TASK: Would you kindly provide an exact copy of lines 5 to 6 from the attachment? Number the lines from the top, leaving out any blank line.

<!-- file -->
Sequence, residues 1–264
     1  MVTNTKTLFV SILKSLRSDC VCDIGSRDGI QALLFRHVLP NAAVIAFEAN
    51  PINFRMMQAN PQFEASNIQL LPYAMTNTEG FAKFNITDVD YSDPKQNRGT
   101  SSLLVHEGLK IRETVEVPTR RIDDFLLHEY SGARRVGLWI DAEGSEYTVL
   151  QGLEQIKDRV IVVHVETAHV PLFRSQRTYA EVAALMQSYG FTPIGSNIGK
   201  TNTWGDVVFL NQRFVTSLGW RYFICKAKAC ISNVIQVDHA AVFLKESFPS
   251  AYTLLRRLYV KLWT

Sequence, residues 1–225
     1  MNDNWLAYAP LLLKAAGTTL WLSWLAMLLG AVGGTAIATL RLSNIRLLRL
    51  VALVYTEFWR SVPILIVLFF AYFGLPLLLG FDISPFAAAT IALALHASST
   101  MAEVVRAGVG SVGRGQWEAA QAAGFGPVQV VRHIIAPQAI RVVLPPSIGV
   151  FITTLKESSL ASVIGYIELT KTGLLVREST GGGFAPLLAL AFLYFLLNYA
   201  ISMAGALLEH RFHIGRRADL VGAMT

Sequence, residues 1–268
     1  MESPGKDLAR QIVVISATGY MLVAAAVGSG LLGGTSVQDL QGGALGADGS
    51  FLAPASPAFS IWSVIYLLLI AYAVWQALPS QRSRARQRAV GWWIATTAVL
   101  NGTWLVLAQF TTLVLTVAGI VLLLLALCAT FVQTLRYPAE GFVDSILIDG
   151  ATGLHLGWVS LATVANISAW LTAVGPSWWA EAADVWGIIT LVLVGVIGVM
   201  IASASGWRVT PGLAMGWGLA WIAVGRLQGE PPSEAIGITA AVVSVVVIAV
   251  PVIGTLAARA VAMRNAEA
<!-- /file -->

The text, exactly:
   151  QGLEQIKDRV IVVHVETAHV PLFRSQRTYA EVAALMQSYG FTPIGSNIGK
   201  TNTWGDVVFL NQRFVTSLGW RYFICKAKAC ISNVIQVDHA AVFLKESFPS